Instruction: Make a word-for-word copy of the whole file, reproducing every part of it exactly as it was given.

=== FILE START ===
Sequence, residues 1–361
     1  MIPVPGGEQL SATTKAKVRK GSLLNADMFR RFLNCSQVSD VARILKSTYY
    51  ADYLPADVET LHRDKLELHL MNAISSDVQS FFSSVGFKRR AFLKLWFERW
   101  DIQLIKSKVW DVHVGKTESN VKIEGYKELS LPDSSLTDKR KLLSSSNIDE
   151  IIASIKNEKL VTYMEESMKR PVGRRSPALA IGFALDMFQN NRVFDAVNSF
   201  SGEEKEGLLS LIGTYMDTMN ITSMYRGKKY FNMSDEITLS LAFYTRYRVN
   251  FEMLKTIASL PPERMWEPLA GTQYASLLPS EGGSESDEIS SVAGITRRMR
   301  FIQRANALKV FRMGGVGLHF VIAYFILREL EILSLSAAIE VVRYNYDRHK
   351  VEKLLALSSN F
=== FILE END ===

Sequence, residues 1–361
     1  MIPVPGGEQL SATTKAKVRK GSLLNADMFR RFLNCSQVSD VARILKSTYY
    51  ADYLPADVET LHRDKLELHL MNAISSDVQS FFSSVGFKRR AFLKLWFERW
   101  DIQLIKSKVW DVHVGKTESN VKIEGYKELS LPDSSLTDKR KLLSSSNIDE
   151  IIASIKNEKL VTYMEESMKR PVGRRSPALA IGFALDMFQN NRVFDAVNSF
   201  SGEEKEGLLS LIGTYMDTMN ITSMYRGKKY FNMSDEITLS LAFYTRYRVN
   251  FEMLKTIASL PPERMWEPLA GTQYASLLPS EGGSESDEIS SVAGITRRMR
   301  FIQRANALKV FRMGGVGLHF VIAYFILREL EILSLSAAIE VVRYNYDRHK
   351  VEKLLALSSN F